A group of higher education, government, nonprofit and business leaders believes that minority-serving colleges and universities are well positioned to serve as a "greater resource" for meeting U.S. STEM workforce needs. What's needed is more "attention" and "investment" to steer this diverse set of students to science, technology, engineering and math fields.
For decades, researchers have tried to boost the very low success rates of first-generation, low-income and underserved minority students in STEM education in college. Yet while more students from these groups have been entering colleges and pursuing STEM majors, the vast majority still are not earning STEM degrees.
While it may seem like these companies are competing in the education market simply to broaden their consumer base and give back a little, their collective strategy is much more concerning. Tech oligarchs are pushing skills like coding in education to train their own future labor force -- and pay them low wages.
U.S. immigrant children are more likely than US.-born children to study and pursue careers in STEM fields, a new study by Duke University and Stanford finds. The researchers attribute these findings to the immigrant children’s comparative advantage in non-English-intensive subjects and comparative disadvantage in English-intensive subjects.
STEM workers are in fierce demand, and not just in the global epicenter of high tech known as Silicon Valley. According to the latest U.S. Bureau of Labor Statistics analysis, STEM -- science, technology, engineering and math -- professions grew at over twice the rate that non-STEM jobs did between 2009 and 2015.
While 2018 was a momentous year for STEM education, with scientists and teachers running for office in unprecedented numbers and a steady stream of news reports on the value of a STEM degree, 2019 is gearing up to be even bigger. Today, my organization, 100Kin10, releases its annual Trends Report, a synthesis of thousands of data points that predict trends and “look-aheads” that will define STEM and education in 2019.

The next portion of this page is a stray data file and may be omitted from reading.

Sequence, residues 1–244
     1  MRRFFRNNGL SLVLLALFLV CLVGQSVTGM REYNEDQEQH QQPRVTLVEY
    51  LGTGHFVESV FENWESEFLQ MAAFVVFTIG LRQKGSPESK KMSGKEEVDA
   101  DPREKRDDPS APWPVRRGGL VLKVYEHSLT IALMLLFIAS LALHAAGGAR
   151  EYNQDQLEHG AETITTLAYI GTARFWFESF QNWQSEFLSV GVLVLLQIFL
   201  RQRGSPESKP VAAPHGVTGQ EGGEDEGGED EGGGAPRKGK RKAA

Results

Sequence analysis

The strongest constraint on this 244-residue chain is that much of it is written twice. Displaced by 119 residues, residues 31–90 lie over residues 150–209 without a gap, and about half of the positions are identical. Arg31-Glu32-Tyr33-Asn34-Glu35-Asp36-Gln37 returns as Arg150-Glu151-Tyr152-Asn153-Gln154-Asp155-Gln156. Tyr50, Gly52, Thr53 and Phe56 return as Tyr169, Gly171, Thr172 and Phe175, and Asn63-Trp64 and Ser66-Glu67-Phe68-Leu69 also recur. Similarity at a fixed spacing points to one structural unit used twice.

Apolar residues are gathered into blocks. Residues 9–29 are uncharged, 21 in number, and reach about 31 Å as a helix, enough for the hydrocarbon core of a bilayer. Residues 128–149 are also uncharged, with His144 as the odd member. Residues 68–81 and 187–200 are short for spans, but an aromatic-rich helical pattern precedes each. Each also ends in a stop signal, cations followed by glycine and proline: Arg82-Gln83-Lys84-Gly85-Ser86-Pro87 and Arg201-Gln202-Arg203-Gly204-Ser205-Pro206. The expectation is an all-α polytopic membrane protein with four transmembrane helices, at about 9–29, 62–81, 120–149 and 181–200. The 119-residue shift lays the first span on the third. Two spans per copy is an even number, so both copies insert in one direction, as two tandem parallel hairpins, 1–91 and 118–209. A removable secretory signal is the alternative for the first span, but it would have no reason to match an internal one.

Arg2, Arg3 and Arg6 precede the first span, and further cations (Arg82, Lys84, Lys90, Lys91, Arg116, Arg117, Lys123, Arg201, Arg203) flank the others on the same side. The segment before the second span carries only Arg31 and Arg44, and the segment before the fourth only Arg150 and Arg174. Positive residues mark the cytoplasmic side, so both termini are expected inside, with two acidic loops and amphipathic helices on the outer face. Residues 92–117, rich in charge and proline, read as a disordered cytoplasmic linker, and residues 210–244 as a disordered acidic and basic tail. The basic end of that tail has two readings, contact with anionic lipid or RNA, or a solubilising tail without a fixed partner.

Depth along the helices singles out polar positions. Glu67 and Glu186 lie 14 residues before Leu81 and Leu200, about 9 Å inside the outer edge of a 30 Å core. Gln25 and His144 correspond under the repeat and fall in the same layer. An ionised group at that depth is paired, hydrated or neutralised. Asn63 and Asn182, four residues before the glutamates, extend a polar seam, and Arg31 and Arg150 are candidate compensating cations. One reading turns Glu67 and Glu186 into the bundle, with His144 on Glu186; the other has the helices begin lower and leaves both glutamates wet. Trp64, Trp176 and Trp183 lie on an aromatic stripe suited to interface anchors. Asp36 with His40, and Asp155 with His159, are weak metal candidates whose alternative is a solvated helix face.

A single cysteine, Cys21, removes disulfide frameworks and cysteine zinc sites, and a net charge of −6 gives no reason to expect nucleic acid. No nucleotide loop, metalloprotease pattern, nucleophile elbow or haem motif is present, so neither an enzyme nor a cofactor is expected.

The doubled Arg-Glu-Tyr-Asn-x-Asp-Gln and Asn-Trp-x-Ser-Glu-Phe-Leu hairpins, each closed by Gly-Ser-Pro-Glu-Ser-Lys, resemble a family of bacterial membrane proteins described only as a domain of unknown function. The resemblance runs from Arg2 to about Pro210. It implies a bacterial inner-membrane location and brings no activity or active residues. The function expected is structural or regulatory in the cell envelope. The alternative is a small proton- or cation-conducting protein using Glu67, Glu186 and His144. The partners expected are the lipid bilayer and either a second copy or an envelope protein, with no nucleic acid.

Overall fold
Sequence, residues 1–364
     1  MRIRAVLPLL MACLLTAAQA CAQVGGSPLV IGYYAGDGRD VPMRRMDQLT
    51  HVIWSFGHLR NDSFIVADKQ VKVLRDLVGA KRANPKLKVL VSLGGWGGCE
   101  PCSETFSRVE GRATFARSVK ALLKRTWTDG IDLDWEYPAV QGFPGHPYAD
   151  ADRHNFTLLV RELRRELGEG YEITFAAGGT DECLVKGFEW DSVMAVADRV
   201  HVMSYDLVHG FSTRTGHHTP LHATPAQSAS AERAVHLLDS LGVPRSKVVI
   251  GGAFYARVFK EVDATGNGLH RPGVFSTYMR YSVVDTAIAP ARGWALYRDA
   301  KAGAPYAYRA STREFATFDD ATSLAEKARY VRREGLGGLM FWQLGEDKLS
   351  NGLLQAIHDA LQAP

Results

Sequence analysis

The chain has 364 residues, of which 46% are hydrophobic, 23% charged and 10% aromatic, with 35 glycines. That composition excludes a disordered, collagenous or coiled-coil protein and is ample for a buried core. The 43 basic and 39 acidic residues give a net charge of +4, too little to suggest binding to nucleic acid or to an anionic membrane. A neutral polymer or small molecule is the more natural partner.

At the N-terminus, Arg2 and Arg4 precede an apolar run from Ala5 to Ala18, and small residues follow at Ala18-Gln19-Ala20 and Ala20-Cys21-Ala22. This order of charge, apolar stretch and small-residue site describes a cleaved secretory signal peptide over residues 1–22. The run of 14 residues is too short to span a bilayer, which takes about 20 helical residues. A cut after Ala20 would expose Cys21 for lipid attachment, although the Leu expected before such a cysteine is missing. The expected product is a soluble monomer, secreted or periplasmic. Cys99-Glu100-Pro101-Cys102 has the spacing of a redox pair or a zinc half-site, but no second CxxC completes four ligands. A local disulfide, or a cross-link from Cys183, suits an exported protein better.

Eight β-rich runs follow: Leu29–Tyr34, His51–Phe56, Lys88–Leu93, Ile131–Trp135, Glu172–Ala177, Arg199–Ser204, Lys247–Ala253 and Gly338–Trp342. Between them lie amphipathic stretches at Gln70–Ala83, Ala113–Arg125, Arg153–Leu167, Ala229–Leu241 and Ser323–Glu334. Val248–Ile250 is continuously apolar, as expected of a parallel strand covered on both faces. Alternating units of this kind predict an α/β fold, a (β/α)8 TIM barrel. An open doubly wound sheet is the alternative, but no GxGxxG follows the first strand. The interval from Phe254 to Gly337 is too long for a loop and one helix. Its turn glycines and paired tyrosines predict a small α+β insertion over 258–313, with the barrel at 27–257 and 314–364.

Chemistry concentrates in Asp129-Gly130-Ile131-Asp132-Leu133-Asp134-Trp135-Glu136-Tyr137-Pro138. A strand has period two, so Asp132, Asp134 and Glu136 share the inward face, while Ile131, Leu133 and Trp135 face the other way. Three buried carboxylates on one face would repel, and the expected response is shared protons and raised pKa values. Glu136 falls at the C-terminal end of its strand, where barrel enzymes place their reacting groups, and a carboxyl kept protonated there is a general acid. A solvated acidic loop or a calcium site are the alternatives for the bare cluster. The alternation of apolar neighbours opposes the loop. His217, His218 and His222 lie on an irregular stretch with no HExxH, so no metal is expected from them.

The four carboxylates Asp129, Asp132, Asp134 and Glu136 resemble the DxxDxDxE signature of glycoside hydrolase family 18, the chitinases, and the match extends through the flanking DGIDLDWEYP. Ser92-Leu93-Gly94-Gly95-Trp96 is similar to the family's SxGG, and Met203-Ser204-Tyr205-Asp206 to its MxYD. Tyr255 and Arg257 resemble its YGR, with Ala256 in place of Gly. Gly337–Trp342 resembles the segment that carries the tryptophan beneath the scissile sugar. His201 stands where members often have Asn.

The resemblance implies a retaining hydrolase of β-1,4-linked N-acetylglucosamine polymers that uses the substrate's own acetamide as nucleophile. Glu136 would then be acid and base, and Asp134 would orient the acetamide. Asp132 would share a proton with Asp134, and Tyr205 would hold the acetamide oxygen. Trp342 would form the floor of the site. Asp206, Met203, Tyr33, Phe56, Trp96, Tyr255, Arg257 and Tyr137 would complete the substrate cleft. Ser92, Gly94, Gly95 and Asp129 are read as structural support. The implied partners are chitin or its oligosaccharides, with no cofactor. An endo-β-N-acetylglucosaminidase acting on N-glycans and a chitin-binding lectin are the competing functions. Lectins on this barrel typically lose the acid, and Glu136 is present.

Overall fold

It's time to ramp up STEM in early childhood education, according to the Community for Advancing Discovery Research in Education (CADRE). CADRE is a network for STEM education researchers funded by the National Science Foundation's Discovery Research preK-12 program. A new science brief has suggested that quality STEM experiences in pre-K through grade 3 can offer a "critical foundation for learning about these disciplines in ways that facilitate later learning."
As AI becomes more mainstream, it offers countless opportunities for students to learn skills that they may take to the workforce. It also offers an incentive for more companies to move into the K-12 STEM education space to both meet a need and reap a profit. Except, there isn’t much AI curriculum in STEM education.
Students today are twice as likely as their parents to enter a science, technology, engineering, or mathematics industry, which is good news to the organizations creating more jobs in these fields each year. The problem, though, is that there won't be enough workers to fill all of the STEM jobs in the near future, according to estimates.
As a retiring member and the outgoing chairman of the House Science, Space, and Technology Committee, I can no longer set that agenda, but I can recommend the issues that still need Congressional attention and action. Headlines claiming that Congress is making a “return to science” are ignoring years of progress on policies advancing research, STEM education, and space exploration. America’s continued success in technology, innovation, and energy development depends on a Science Committee that commits to working toward these goals.